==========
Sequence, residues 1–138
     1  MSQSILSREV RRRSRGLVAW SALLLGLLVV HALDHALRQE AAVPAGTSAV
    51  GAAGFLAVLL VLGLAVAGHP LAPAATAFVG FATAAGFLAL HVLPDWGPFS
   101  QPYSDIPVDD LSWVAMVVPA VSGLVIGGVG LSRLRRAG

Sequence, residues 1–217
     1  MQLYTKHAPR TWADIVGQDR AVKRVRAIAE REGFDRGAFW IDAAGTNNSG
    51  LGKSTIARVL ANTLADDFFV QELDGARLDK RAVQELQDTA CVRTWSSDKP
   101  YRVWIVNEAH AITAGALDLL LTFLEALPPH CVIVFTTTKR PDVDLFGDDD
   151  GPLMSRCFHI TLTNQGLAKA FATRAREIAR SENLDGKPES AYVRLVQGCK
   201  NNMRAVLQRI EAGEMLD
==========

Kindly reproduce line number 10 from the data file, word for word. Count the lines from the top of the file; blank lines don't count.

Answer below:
   201  NNMRAVLQRI EAGEMLD